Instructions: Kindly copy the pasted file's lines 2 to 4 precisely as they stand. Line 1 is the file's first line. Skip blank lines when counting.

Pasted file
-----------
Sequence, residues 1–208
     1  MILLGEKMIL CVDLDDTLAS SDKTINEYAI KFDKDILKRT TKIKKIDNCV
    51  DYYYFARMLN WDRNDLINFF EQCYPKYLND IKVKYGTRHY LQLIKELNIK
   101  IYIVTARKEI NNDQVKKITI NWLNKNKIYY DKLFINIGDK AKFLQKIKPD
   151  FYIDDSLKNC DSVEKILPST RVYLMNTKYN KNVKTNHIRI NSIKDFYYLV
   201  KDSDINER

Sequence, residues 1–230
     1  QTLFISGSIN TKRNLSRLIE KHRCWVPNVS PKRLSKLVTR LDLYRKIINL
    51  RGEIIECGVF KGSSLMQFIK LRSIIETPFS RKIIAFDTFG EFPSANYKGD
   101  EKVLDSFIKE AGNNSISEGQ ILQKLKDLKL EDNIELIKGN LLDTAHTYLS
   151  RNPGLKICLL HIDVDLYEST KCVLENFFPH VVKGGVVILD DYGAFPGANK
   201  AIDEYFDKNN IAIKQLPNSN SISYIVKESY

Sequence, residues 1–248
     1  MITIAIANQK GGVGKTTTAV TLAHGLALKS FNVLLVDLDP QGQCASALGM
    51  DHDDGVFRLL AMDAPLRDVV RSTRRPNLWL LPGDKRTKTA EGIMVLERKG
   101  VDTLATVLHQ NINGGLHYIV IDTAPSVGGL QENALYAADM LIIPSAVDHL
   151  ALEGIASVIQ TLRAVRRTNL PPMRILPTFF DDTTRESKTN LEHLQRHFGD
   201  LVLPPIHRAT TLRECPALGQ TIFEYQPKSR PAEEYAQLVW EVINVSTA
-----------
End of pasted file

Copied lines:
     1  MILLGEKMIL CVDLDDTLAS SDKTINEYAI KFDKDILKRT TKIKKIDNCV
    51  DYYYFARMLN WDRNDLINFF EQCYPKYLND IKVKYGTRHY LQLIKELNIK
   101  IYIVTARKEI NNDQVKKITI NWLNKNKIYY DKLFINIGDK AKFLQKIKPD